Optus Stadium was on time and on budget… how did they do it?
Ronnie Hurst, project director for Perth’s recently opened Optus Stadium, says the new arena is already benefitting from the ‘fan first’ approach aimed at enticing fans out of their living rooms to attend live events.
The 60,000-seat stadium in Western Australia officially opened to the public last weekend, and will host its first major sporting event this coming weekend – the one-day international cricket match between Australia and England.
“It’s a stadium on steroids,” Hurst said in reference to its LED system that is capable of spectacular displays with 15,000 lights – the biggest in the world.
“The idea came from my visit to MetLife Stadium (New Jersey, USA) and I noticed it had a green kind of glow. I asked what it’s about and was told: ‘The jets are green and it’s about making a bit of ambience,’” Hurst said.
“It’s part of the ‘fan first’ initiative, which is all about the idea that you’ve got to come out of your living room and be at the stadium to see it.”
Want to know more about what made the project such a success? Watch our exclusive interview with Hurst to learn more:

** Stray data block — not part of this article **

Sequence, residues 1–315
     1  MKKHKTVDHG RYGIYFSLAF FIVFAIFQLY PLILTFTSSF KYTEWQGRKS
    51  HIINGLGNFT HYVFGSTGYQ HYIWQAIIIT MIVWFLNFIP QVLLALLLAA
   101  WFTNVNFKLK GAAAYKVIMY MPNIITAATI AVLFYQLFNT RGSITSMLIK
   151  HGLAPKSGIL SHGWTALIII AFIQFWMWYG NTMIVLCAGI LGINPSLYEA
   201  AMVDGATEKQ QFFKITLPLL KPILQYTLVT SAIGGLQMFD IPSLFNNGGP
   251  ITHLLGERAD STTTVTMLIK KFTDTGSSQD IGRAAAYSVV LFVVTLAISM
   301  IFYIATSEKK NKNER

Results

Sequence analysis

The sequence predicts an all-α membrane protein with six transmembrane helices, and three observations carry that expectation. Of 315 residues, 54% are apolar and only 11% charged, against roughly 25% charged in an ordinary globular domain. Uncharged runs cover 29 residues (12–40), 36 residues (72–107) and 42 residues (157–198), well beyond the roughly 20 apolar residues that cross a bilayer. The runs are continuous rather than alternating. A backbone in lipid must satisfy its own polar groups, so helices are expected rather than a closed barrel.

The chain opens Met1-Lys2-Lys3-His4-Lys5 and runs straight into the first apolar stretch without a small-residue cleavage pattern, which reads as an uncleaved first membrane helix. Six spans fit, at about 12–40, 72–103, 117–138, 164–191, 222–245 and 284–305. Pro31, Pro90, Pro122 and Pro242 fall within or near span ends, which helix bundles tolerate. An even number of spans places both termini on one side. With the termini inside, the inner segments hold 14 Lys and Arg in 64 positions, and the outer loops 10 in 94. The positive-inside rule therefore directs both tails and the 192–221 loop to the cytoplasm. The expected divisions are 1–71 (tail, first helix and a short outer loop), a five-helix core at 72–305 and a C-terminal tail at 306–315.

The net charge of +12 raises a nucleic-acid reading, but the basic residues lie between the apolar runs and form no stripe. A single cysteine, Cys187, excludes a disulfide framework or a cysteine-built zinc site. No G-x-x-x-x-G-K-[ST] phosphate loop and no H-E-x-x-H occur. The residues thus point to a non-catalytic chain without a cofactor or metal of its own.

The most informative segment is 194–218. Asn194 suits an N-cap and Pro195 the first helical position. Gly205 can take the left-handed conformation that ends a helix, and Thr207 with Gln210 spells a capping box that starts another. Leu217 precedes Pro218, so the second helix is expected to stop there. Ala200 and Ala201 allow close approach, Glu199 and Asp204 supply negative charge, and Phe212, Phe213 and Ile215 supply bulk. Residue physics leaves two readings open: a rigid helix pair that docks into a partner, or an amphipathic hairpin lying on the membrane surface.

Hurst added that Optus Stadium has been receiving requests to illuminate it for different campaigns, such as gay pride events.
Hurst also notes that the planning phase has been a “recipe for success.”
“We’ve had real buy-in from user groups input on design briefs,” he said. “There has been a huge amount of community buy-in and social media has been very active.
“In Australia where Australians love their sport, everybody was interested in what we did and we had to keep feeding that. And because of that, there was a huge sense of ownership.”
A stadium “on steroids”
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